- quality and quantity of noise reduction
- how noise suppression abilities perform over time
- These tests will provide us with the data we need to determine if quieter pavement is a good choice for Washington highways.
What is a pavement’s “useful life”?
- A pavement’s useful life is near the end or over when:
- Significant rutting occurs (10 mm deep or more)
- The pavement cracks causing the roadway to become potentially hazardous for drivers.
The life span of WSDOT’s standard hot mix asphalt is about 16 years.
It’s been at least two years since WSDOT installed the last section of quieter pavement. How are the two test sections performing?
- Our quieter pavement test sections are not performing as well as we would have liked. Any audible noise reduction was lost with in the first six months of paving.
- Additionally, winter's storms in late 2008 significantly affected the durability and noise reduction capabilities of our test sections. The freeze thaw cycle, use of snow chains, sanding and frequent plowing caused the pavement on both I-5 and SR 520 to break apart. Both test sections will need to be replaced with standard hot mix asphalt within the next 2 -3 years.
Why are the two existing test sections not performing well?
- Noise reduction: Our data shows that new quieter pavement was never audibly quieter than the standard hot mix asphalt normally used to repave our highways, and today the quieter pavement is actually registering louder than sections paved with just the standard mix.
- Durability: The freeze thaw cycle, use of snow chains, sanding and frequent plowing caused the pavement on both I-5 and SR 520 to break apart. Both test sections will need to be replaced with standard hot mix asphalt within the next 2 -3 years.
If the quieter pavement on I-5 and SR 520 is not performing up to WSDOT expectations, why are you installing additional test sections on I-405
Our engineers still need more data before concluding the quieter pavement test program. This August, WSDOT contractor crews will install the third and final quieter pavement test section on northbound I-405 through Bellevue.
Engineers believe several factors make the test on I-405 in Bellevue unique:
- Temperature: Quieter pavements have proven successful in states with warm climates such as Arizona, California, Texas, Georgia, Alabama and Florida. Engineers believe that the surface and air temperature during paving may affect the long-term durability and noise reduction abilities of the quieter pavement. To test this theory, WSDOT crews will install the quieter pavement test section in Bellevue during the day in August when temperatures in the Puget Sound are the warmest.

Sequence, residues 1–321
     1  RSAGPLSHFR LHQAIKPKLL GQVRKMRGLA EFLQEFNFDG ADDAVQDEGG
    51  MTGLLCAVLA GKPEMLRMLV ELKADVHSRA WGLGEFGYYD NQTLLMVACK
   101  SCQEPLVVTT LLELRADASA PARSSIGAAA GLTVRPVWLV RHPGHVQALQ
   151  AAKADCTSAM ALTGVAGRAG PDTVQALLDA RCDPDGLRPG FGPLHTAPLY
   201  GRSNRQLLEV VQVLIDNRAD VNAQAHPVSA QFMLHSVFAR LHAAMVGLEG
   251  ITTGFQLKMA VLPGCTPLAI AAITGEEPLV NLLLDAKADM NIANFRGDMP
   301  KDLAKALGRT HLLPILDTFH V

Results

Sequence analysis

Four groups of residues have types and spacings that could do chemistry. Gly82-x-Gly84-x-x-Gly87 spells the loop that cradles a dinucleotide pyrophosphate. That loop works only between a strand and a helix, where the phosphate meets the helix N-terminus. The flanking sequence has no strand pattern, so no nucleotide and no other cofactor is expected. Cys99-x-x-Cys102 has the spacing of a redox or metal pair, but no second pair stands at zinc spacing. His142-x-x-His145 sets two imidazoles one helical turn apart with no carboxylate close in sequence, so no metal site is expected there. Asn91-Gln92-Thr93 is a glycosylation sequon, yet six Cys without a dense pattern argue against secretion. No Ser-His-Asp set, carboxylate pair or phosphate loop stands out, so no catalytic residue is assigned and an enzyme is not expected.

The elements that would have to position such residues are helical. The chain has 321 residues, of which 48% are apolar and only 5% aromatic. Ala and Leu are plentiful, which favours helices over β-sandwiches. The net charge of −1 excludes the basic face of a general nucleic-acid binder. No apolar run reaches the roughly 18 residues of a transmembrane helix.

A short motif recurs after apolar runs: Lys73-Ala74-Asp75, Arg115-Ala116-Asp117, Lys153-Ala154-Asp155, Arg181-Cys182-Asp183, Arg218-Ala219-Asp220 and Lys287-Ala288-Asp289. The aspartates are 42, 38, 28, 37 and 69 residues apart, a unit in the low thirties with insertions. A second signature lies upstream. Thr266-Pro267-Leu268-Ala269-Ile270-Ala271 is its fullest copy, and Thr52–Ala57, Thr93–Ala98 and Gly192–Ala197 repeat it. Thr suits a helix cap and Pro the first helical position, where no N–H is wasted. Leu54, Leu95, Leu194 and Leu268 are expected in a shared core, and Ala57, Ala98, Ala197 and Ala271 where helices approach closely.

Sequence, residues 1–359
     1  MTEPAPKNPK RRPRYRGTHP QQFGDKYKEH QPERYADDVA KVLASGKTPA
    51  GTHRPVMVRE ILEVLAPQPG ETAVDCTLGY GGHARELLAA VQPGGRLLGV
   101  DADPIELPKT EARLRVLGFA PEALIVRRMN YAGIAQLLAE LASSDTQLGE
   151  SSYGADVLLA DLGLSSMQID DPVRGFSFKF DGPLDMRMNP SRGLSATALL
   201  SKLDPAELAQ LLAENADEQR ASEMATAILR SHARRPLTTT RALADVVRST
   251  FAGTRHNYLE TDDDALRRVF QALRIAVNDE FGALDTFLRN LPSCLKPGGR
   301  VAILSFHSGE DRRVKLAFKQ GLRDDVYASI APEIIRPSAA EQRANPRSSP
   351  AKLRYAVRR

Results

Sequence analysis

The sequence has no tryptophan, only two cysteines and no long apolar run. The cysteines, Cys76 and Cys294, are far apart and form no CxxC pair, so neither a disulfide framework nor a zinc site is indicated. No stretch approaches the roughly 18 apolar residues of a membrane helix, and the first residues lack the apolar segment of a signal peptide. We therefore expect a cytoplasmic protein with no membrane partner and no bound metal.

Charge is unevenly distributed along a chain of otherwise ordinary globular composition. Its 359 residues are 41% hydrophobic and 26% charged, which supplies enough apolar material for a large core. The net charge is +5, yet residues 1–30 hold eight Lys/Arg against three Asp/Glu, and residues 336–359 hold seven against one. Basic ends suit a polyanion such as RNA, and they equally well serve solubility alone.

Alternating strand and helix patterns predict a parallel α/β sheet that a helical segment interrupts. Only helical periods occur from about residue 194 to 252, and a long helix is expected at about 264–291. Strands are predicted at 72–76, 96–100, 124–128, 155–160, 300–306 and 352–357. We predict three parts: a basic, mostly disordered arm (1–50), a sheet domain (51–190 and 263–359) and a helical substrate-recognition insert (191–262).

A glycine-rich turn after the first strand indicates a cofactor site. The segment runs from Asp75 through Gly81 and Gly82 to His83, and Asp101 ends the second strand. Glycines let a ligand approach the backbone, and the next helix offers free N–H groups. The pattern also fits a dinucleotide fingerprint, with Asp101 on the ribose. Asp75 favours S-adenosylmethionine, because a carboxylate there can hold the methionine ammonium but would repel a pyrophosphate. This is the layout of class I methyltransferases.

- Paving over concrete: The final quieter pavement test section will be installed over existing concrete. WSDOT engineers want to know if installing quieter pavement over a ridged concrete base will affect the pavement’s durability and noise reduction capability.
What’s next for the quieter pavement program?
- We will continue to study both quieter pavement test sections for five years or until they reach the end of their useful life.
- We also see value in continuing to test quieter pavement on I-405. The I-405 test section is unique because we are paving 100 percent of the quieter pavement during the hottest days in August, and installing it over concrete. Engineers believe that temperature and the base on which the quieter pavement is installed may affect its durability and noise reduction capabilities. Tests in other states show that warmer weather allows the quieter pavement to set-up and stabilize better while it is being put down rather than paving it during the cooler Puget Sound evenings.
- We are committed to reducing traffic noise for our highway neighbors in a financially and legally responsible way when new projects make it possible. We will continue to look into other quieter pavement and traffic noise reduction methods used in other states and around the world to help better the communities in which we live, work and play.
What is the funding source to replace a failing section of quieter pavement test with new asphalt?
We have made a commitment the federal government to study each quieter pavement test section for at least five years or until it reached the end of its useful life. By agreeing to these terms WSDOT can use pre-existing federal funds to replace section of quieter pavement that has failed.